Teaching a "Social Studies without Guarantees": disrupting essentialism, ameliorating exclusions and planting the seeds

Smith, Bryan (2014) Teaching a "Social Studies without Guarantees": disrupting essentialism, ameliorating exclusions and planting the seeds. Critical Literacy: theories and practices, 8 (1). pp. 64-79.

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Abstract

Social studies, burdened with the responsibility of elucidating the complexity of the cultural and social world of the student, inherits from its disciplines (history, geography, civics) a legacy of racialization and exclusion. For the past few years, I have worked through and from within this legacy to highlight some ways that the pedagogical imperatives held by the students can be used to reshape popular and taken-for-granted notions of who the “we” is in social studies inquiry. Specifically, I focus on Stanley’s (2014) exclusionary premise, emphasizing how the discipline and curriculum privileges specific notions of the national and provincial world of the students. Through this, I offer some insights into the ambivalences, resistances and acknowledgments of the students when confronted with unsettling social and historic understanding.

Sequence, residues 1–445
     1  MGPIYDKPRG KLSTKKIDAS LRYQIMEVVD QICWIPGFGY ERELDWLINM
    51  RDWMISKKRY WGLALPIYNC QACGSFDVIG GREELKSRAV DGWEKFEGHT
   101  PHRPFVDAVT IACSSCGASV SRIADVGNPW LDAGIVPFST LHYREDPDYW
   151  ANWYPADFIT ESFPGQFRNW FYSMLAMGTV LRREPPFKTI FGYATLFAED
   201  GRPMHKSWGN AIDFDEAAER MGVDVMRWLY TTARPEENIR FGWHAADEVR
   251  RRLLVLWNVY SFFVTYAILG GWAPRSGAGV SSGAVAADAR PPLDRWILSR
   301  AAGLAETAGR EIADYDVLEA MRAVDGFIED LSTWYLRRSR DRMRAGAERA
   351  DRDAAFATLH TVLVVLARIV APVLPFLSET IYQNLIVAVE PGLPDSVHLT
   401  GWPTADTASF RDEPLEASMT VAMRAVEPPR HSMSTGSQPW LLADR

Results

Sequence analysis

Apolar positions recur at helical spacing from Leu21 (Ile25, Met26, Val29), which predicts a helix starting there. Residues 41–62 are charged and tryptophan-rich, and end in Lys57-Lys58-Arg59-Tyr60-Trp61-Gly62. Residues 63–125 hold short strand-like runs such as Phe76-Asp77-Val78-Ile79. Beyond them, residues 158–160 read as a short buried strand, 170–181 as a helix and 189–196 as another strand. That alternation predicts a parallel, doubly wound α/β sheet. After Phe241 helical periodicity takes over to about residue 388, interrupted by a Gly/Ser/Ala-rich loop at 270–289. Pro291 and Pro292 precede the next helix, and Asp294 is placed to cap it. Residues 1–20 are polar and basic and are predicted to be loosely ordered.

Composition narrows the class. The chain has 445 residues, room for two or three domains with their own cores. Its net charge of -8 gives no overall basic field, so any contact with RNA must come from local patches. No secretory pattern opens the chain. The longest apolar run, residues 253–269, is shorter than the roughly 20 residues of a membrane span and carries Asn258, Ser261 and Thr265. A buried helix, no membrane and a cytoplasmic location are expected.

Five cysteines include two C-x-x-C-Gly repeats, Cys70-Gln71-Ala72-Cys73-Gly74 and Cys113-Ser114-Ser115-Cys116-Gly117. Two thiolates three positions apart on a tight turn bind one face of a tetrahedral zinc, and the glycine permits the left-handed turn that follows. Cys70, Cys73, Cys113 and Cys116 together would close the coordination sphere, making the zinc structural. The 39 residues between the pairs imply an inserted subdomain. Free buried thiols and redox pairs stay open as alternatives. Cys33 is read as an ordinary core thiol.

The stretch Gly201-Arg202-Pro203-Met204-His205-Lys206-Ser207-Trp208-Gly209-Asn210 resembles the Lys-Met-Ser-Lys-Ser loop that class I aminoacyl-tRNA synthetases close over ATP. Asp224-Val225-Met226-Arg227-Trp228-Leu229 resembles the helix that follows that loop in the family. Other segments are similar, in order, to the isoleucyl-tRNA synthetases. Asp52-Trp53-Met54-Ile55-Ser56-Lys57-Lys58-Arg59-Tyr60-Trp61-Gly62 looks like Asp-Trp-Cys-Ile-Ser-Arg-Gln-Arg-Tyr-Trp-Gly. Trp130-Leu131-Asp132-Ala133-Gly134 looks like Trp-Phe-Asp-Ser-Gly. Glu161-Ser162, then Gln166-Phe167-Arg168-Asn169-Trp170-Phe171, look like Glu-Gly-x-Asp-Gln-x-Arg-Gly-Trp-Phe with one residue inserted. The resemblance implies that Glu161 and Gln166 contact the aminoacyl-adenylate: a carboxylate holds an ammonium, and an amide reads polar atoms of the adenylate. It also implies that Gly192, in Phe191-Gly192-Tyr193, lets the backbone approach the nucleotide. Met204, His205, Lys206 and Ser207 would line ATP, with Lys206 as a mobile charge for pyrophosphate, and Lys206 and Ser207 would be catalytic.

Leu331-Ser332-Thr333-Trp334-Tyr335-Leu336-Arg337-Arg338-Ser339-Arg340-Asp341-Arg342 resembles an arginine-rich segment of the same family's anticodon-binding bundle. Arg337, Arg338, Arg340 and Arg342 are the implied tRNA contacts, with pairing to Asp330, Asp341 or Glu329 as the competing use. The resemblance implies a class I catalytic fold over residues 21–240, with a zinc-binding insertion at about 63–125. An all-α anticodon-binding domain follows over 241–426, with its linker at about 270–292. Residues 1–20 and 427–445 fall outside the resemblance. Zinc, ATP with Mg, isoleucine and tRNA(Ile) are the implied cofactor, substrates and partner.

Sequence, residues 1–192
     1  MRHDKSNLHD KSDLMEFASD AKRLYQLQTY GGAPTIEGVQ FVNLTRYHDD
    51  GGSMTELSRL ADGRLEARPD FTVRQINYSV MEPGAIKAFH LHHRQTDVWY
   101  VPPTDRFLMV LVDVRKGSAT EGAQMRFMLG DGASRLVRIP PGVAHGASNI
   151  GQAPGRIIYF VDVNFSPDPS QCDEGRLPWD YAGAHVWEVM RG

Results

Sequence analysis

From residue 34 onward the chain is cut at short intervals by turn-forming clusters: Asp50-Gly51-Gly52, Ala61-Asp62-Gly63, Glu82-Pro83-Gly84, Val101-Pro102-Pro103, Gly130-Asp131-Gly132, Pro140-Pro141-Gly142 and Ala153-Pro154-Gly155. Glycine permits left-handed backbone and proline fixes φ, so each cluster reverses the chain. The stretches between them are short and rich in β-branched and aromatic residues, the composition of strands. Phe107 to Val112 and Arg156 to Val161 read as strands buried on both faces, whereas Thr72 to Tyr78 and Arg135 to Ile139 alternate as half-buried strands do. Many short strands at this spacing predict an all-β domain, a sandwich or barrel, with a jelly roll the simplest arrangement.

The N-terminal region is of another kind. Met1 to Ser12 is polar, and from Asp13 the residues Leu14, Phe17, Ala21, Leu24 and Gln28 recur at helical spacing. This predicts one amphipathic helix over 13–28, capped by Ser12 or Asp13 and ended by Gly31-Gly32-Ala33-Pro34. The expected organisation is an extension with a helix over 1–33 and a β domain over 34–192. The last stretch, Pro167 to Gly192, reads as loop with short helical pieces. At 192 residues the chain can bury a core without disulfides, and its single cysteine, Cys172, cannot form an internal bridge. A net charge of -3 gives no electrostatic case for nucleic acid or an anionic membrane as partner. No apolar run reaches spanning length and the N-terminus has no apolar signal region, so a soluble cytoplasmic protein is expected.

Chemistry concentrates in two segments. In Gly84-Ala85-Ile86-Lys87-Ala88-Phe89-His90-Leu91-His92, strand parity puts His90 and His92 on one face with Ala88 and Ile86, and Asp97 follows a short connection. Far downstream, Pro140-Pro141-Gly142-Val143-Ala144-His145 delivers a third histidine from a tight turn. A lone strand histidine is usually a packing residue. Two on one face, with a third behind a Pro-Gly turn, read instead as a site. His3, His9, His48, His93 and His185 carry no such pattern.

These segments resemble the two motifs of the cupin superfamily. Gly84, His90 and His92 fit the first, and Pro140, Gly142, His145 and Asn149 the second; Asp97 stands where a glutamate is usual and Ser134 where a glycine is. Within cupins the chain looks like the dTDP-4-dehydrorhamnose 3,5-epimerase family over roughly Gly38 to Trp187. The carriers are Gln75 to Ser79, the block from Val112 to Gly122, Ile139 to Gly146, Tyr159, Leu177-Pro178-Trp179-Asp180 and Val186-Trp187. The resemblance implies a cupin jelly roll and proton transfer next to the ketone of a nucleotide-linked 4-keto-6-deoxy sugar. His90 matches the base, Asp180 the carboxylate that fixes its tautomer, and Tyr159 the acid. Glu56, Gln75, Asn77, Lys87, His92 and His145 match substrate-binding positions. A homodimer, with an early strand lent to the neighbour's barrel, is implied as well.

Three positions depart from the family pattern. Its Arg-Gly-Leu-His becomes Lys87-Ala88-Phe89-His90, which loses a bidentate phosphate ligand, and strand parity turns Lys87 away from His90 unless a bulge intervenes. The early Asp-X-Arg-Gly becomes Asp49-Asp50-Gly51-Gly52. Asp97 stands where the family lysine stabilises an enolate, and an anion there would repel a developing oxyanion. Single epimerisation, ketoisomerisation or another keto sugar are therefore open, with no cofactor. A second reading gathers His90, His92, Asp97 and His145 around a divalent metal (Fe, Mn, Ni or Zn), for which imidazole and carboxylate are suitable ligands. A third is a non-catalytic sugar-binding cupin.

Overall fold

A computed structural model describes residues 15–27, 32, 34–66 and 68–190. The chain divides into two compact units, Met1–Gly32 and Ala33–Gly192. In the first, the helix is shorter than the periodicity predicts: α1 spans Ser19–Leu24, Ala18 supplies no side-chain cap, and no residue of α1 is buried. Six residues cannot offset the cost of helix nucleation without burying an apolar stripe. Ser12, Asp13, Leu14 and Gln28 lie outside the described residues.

Item ID: 52902
Item Type: Article (Research - C1)
ISSN: 1753-0873
Date Deposited: 25 Jun 2018 01:33
FoR Codes: 13 EDUCATION > 1302 Curriculum and Pedagogy > 130205 Humanities and Social Sciences Curriculum and Pedagogy (excl Economics, Business and Management) @ 50%
13 EDUCATION > 1303 Specialist Studies in Education > 130307 Ethnic Education (excl Aboriginal and Torres Strait Islander, Maori and Pacific Peoples) @ 50%
SEO Codes: 93 EDUCATION AND TRAINING > 9302 Teaching and Instruction > 930201 Pedagogy @ 100%
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